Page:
State University of New York Chancellor Robert L. King has been named the 2003 Commencement Speaker at Genesee Community College, President Stuart Steiner announced this evening.
Chancellor King - the chief executive officer of the state university system - accepted an invitation to serve as commencement speaker from the College's Board of Trustees during his visit to Genesee last fall.
Commencement exercises are scheduled for Sunday, May 18, at 1:00 p.m. in the Batavia Campus Gymnasium. More than 2,000 guests are expected to honor 700+ Genesee graduates. The 2003 commencement ceremony will be especially meaningful, Dr. Steiner told the Board of Trustees. This year, Genesee will:
• Celebrate its 35th annual commencement ceremony.
• Honor its 15,000th graduate.
• Confer its first honorary doctoral degree. Dr. Steiner announced this evening that the State University of New York Board of Trustees had authorized Genesee to award the honorary Doctor of Humane Letters degree to Alexander resident Charlotte W. Conable.
Chancellor King has served in his position since December 1999. Since his appointment, he has initiated aggressive new efforts to make the State University of New York the finest university system in the world. His priorities include securing $5 billion in new SUNY funding from public and private sources; developing new technologies and industrial innovations through the SUNY Research Foundation; and turning the entire university system into an economic development engine, through new partnerships among SUNY, all 64 SUNY campuses, and business and industry.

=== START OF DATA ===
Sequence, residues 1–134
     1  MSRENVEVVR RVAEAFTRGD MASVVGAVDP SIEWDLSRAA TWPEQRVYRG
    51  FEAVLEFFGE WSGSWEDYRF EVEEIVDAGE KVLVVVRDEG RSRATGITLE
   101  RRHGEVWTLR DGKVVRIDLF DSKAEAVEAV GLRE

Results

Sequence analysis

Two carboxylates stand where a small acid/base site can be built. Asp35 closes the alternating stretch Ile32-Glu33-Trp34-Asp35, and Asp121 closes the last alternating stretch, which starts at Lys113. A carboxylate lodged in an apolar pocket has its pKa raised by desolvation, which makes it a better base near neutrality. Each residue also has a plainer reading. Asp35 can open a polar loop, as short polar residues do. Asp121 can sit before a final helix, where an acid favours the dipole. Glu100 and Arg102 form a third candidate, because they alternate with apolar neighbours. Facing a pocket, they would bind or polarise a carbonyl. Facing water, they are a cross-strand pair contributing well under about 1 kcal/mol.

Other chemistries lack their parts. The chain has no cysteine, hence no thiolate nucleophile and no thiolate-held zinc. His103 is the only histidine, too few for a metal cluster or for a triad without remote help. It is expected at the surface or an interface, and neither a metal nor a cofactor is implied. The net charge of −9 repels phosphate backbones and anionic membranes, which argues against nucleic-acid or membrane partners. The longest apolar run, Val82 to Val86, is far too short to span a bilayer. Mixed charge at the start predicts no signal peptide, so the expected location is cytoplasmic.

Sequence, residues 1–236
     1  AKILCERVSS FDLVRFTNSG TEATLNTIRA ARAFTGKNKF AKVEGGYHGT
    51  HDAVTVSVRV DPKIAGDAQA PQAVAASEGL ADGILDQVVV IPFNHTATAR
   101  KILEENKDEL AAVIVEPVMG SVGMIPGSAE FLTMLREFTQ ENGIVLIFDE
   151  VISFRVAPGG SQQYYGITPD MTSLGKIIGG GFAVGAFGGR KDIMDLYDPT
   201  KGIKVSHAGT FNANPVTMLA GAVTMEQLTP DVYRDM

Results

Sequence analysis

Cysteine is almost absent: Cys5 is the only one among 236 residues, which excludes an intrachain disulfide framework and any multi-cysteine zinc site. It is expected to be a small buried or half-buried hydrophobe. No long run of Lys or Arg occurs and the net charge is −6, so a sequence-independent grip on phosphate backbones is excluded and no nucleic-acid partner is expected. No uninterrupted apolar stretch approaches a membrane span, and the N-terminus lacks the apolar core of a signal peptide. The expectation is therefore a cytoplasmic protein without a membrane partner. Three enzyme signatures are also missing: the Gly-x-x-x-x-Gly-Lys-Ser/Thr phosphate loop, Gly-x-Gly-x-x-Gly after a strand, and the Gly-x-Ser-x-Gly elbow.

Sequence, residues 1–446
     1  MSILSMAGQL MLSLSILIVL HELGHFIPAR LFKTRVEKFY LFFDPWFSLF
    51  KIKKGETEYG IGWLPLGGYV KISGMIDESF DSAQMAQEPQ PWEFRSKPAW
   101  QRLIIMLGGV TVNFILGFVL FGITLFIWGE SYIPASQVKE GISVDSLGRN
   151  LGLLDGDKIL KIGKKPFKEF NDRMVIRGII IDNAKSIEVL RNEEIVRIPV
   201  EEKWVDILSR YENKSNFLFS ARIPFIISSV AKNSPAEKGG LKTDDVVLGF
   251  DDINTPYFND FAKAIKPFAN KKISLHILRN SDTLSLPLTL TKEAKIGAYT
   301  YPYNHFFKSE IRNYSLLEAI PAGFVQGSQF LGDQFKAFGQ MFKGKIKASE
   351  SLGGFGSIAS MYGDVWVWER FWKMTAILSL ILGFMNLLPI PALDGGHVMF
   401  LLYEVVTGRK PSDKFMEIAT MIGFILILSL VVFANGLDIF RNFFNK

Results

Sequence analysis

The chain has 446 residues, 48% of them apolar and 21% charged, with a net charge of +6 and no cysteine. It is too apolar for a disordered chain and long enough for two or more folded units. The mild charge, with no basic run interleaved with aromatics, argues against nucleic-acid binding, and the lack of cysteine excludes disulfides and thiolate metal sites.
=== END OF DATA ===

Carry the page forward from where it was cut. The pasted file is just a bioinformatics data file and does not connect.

Prior to his appointment as SUNY Chancellor, Robert L. King served as Budget Director of New York State and Director of Governor George E. Pataki's Office of Regulatory Reform. Prior to his service to New York State, he served as Monroe County Executive, where he spearheaded welfare reform efforts and developed an award-winning abstinence program to reduce teen pregnancy. He has also served as a member of the New York State Assembly.
Chancellor King holds a J.D. degree from Vanderbilt University in Tennessee, and a bachelor's degree from Trinity College in Connecticut. He spent much of his law career as a prosecutor in both California and New York. He has served as a lead attorney for the Organized Crime Strike Force, a U. S. Department of Justice effort against organized crime.
He serves on the boards of the Center for Governmental Research and the Center of Integrated Manufacturing Studies at the Rochester Institute of Technology. He has also served as a member of the Board of Directors of the Monroe Community College Foundation.
In December 2000, Chancellor King was named by then President-elect George W. Bush to his advisory panel on education for the presidential transition. President Bush later appointed him as a member of the U. S. Commission on Presidential Scholars.
Chancellor King is a native of Rochester, and currently resides in Clifton Park.